This emerging research on epigenetics highlights why it is so important to make choices with wellness in mind. Life is not completely predetermined by our genes. Genes are no longer a crutch or an excuse. Just because your father had heart disease or your mother had diabetes, doesn’t mean that you have to. The environment you place yourself in and the corresponding affect on your genes is what determines our life outcomes. And not just our life outcomes, but the life outcomes of your children and grandchildren.

In the following weeks, we will discuss how to change our environment for better outcomes based on actual human genetic needs.

http://www.nichd.nih.gov/health/topics/epigenetics/conditioninfo/Pages/impact.aspx

http://www.livescience.com/37703-epigenetics.html

http://www.huffingtonpost.com/jess-ly/can-we-change-our-genes_b_6306046.html

http://www.theguardian.com/science/occams-corner/2014/apr/25/epigenetics-beginners-guide-to-everything

http://www.telegraph.co.uk/news/science/10369861/Epigenetics-How-to-alter-your-genes.html

http://blog.reliv.com/nutrition/qa-with-dr-alfredo-galvez/ (photo)

Testimonial

leg-pain“In July of 2013 I injured my right leg, causing extreme pain which affected its use. I received advice, care, encouragement, exercises, and understanding from many sources. With time, I walked better but still with a random pain.

In January 2014, I returned to Trusted Care to see Dr. Melinda. As we talked and I shared my story of continued minor pain, she carefully explored and found it’s location. I was so excited because I knew she had it! She explained what it was and what needed to be done. From my treatments, I’m beginning to use my leg with no pain, a positive I questioned would ever happen.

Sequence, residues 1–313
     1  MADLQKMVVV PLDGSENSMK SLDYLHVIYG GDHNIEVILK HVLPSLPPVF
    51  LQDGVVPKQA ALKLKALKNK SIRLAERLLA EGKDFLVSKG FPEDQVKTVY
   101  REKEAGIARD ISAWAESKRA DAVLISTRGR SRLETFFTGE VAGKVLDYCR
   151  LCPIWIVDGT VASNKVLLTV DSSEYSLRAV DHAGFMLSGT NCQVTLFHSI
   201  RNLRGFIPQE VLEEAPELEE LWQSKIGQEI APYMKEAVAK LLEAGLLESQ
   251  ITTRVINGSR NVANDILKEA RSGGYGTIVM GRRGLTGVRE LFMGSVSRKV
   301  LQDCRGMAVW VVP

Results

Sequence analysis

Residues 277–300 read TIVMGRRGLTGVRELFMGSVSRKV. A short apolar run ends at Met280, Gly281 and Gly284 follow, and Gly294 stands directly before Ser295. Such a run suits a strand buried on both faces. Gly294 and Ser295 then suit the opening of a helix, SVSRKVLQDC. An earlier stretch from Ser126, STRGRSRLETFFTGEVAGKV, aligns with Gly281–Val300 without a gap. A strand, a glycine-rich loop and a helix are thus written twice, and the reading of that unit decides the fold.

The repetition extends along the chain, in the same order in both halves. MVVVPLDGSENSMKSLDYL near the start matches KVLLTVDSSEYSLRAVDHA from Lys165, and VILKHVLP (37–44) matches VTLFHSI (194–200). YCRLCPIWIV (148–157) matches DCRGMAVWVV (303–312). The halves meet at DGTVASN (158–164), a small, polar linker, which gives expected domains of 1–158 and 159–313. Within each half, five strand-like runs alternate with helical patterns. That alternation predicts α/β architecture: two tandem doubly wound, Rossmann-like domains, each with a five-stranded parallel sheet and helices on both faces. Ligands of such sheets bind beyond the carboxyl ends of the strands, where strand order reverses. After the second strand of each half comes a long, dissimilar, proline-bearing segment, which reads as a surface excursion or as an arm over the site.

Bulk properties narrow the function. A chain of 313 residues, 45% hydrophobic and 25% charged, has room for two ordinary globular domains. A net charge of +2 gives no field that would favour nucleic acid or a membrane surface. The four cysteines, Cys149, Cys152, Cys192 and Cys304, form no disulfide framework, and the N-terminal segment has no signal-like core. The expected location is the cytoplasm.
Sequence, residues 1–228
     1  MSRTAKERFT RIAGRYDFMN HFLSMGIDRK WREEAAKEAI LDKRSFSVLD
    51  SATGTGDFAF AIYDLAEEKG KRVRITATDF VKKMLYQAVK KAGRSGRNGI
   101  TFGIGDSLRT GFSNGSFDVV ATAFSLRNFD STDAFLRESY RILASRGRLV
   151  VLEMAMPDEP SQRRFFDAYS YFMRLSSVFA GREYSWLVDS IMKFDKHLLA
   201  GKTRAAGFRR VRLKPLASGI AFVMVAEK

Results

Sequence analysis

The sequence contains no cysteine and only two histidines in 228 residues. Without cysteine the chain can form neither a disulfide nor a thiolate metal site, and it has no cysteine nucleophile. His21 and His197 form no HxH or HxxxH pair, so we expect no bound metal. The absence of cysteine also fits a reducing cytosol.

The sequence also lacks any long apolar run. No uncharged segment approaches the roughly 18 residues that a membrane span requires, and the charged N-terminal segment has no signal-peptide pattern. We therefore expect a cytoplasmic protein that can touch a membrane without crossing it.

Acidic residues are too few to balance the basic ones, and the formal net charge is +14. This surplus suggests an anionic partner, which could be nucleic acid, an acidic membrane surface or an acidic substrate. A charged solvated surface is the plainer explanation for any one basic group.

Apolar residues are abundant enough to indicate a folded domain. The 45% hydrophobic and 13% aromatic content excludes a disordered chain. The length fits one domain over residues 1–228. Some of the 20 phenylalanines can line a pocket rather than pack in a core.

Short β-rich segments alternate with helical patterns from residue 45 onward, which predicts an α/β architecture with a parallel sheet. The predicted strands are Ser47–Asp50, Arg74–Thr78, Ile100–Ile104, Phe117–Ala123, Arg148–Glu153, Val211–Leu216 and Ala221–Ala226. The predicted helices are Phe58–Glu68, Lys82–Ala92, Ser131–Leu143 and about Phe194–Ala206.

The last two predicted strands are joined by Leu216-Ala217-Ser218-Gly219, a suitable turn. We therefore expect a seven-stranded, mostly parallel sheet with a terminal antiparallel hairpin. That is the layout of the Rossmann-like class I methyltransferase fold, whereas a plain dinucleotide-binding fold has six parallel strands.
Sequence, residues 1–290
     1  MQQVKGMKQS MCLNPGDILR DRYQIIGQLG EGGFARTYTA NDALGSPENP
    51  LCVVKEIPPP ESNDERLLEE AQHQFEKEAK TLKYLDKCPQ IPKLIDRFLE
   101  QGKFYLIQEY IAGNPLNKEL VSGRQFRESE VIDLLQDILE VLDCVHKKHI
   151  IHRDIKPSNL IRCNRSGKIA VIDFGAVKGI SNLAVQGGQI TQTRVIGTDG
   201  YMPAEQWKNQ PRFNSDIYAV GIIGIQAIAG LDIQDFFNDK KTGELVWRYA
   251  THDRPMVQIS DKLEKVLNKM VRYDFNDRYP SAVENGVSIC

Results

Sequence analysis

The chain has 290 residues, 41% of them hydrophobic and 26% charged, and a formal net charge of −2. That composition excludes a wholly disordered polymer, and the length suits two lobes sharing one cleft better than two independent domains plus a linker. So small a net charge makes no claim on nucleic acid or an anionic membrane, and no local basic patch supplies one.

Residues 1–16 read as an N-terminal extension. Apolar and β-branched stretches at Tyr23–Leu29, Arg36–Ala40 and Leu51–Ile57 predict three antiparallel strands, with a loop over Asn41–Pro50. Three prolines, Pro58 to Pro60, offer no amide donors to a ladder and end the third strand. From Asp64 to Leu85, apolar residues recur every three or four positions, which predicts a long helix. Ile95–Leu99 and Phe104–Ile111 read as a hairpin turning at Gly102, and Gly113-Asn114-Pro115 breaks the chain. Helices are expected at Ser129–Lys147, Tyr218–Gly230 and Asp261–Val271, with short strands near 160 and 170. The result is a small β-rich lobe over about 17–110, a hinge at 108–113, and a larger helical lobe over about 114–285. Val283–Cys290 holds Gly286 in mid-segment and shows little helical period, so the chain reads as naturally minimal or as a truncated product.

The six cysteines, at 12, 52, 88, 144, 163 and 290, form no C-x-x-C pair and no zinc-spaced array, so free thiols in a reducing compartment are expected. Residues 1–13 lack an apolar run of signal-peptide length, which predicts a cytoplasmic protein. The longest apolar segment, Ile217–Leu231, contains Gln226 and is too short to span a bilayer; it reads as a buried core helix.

I learned much during this time. I’m so appreciative to Dr. Melinda for her continued effort and time to work with and heal my pain.

Thank you! Thank you! Thank you!

– Becky Reynolds

Image from http://mnphysicalmedicine.com/category/leg-pain/

The Problem With Counting Calories

In American culture, we have become so focused on counting calories that we don’t pay any attention to what we are actually putting into our bodies. We’re all guilty of it. We see those yummy packaged cake rolls that say “50% fewer Calories” or that cereal bar with the “light” frosting, or only “100 calories”. This seems too good to be true! I can eat my favorite guilty pleasure foods without increasing my calorie count?! Why not!?

Sadly, it’s far too good to be true. Where you gain in one area, you sacrifice in another, and with these types of “calorie-saving” foods, you sacrifice REAL nutrition.

Humans didn’t even start counting calories until we started processing our foods. There was no need. Even 40 to 50 years ago we were still eating REAL food, not synthetic, processed “food”. For those of you who like numbers and charts, below is a link from businessinsider.com showing 11 charts comparing the consumption of food over the past 50+ years. My favorite chart is the last one – #11. It links the start of the obesity epidemic to the publishing of low-fat dietary guidelines. We ate food that was digestible by our bodies and obesity was not an issue. As soon as we started processing and adding refined sugars to our food, the rate of obesity, heart disease and certain cancers increased. Our bodies are not meant to eat these processed, boxed, fake foods! According to Joe Rigonlas: